Lawyers for the families of those killed in the 1976 Kingsmill massacre have appealed for top secret intelligence material to be released to an inquest.
Coroner Judge Brian Sherrard, who is considering formal requests for some police and army documentation to be redacted, was told how the families' trust in the legal system had been eroded.
Barrister Fiona Doherty QC, representing relatives of John McConville, said, "The immediate reaction is to suspect sinister motives for a request.
"That is not helped by the history of the case and by recent developments."
During a hearing at Belfast Coroner's Court it was revealed about 1,100 pages of classified material relate to the controversial case.
Barrister Richard Smyth, acting for the majority of bereaved relatives, said, "We would ask the court to consider how fundamentally important this process is to the families; how long they have waited."
He said the court should also take into account the impact of recent developments including a major forensic breakthrough and the arrest of a murder suspect.
"Coming at the eleventh hour, that has damaged trust," added Mr Smyth.
"The families have been left not knowing what to think. That trust is damaged and fragile."
Ten Protestant workmen were gunned down when their minibus was ambushed in rural south Armagh on January 5 1976 in an attack seen as a reprisal for loyalist killings in the same area.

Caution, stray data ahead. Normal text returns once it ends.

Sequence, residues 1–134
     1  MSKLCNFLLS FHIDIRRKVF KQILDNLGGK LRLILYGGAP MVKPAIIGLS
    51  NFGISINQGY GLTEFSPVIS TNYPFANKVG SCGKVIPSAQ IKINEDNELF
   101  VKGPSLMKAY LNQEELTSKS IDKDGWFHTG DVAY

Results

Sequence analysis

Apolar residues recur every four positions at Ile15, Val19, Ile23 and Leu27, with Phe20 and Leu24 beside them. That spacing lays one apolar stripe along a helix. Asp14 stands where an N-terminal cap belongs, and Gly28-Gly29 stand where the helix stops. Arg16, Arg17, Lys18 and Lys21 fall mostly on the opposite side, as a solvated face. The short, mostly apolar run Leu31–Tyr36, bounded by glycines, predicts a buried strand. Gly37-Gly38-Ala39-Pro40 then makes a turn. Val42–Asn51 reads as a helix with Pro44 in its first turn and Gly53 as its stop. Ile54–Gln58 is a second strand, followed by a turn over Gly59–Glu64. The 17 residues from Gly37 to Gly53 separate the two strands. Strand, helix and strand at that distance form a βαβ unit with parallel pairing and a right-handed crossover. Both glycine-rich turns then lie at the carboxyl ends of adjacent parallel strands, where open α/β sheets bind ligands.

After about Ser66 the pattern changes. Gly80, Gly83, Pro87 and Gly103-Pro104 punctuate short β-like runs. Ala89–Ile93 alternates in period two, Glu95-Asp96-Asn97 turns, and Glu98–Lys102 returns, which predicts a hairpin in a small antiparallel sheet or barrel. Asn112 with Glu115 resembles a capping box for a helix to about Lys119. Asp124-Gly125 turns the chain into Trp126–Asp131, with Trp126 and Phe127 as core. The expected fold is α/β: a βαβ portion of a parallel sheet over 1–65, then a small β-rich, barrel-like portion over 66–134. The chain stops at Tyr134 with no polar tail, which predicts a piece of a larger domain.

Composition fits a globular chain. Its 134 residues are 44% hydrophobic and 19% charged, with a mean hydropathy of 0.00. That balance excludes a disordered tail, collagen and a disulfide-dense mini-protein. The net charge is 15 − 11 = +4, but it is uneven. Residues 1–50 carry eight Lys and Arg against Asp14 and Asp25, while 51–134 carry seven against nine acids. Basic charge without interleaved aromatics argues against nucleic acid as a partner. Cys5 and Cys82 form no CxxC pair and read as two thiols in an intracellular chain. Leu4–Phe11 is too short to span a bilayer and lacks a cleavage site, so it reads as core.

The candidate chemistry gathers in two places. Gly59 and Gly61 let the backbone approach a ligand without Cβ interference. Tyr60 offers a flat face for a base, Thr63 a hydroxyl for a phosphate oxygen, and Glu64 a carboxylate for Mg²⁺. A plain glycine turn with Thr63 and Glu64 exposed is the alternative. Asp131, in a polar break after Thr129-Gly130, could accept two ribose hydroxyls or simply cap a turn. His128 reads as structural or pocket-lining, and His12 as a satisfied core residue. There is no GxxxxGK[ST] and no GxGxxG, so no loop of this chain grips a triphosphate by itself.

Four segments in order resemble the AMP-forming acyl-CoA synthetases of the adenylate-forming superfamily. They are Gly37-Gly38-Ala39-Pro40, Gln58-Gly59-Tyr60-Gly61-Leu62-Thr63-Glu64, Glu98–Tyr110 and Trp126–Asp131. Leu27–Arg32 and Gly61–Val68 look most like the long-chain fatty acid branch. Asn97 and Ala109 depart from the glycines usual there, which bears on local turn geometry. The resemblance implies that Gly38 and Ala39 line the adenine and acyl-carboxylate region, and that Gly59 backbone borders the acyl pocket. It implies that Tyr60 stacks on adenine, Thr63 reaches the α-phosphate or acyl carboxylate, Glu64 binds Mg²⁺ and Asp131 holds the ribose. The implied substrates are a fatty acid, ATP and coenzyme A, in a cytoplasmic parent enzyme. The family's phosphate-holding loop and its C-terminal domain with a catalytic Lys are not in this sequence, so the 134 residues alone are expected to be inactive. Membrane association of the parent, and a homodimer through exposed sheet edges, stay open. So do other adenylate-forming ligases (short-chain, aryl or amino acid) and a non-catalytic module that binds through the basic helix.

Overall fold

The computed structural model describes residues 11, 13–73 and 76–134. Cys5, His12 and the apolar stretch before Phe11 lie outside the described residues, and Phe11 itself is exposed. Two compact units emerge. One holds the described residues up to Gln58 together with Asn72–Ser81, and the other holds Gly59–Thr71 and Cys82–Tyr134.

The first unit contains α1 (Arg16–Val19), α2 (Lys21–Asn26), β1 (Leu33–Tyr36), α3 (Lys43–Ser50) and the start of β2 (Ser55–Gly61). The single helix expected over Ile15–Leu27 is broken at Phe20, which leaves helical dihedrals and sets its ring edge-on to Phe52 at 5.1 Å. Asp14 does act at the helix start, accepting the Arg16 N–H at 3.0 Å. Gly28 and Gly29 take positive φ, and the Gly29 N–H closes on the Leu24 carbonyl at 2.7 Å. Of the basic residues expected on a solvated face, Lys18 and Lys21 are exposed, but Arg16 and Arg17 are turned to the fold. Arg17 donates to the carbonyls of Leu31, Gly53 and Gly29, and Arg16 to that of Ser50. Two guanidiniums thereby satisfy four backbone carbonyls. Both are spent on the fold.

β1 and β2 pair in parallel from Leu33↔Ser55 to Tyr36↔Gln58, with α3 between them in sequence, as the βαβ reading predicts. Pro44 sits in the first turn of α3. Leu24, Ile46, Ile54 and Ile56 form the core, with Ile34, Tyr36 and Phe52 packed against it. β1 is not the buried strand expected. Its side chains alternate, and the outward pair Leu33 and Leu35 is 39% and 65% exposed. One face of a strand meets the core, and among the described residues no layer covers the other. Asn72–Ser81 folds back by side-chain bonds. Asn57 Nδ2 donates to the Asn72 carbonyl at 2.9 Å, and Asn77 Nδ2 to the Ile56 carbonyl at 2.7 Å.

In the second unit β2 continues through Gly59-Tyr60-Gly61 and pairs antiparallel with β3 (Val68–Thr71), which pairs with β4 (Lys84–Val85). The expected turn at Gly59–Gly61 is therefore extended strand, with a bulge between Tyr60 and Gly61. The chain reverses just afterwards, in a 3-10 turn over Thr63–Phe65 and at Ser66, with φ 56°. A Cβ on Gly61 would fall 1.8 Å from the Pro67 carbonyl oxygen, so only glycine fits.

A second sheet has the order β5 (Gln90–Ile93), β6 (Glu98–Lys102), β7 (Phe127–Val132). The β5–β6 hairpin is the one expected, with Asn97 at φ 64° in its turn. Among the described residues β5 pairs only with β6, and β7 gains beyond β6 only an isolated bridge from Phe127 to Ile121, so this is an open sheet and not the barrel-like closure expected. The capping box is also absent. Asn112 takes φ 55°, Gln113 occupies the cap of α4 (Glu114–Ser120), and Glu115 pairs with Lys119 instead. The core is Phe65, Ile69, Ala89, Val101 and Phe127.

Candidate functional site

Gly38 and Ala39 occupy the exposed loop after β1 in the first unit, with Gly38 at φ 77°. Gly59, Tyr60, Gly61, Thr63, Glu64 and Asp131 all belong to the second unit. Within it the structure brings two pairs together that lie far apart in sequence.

Those on board were asked their religion and the only Catholic was ordered to run away.
The killers, who had been hidden in the hedges, forced the rest of the textile factory workers to line up outside the van before opening fire.
One man, Alan Black, survived, despite being shot 18 times. No-one has ever been convicted.
The original inquest held in 1978 lasted just 30 minutes and recorded an open verdict, but after years of campaigning, Northern Ireland's Attorney General John Larkin ordered the fresh probe in 2013.
Public evidence sessions in the high-profile inquest have been adjourned to facilitate two days of private hearings during which the reasons for so-called public interest immunity (PII) applications will be interrogated.
Ms Doherty QC said the coroner had an important task in balancing the public interest in disclosure against the public interest of non-disclosure.
She said: "The default position in legal proceedings should always be openness and transparency."
Meanwhile, addressing his remarks to the campaigning families who had packed into courtroom number seven, Judge Sherrard said he would consider each PII request on its own merits.
"Each and every one of the proposed redactions will have to be justified," he said. "It will be up to the applicant to persuade the court."
Afterwards, victims campaigner Willie Frazer, who accompanied some relatives to court, said: "If there's evidence there they should not be hiding it.
"If they do not disclose it all, then we will disclose it afterwards."The case has been adjourned.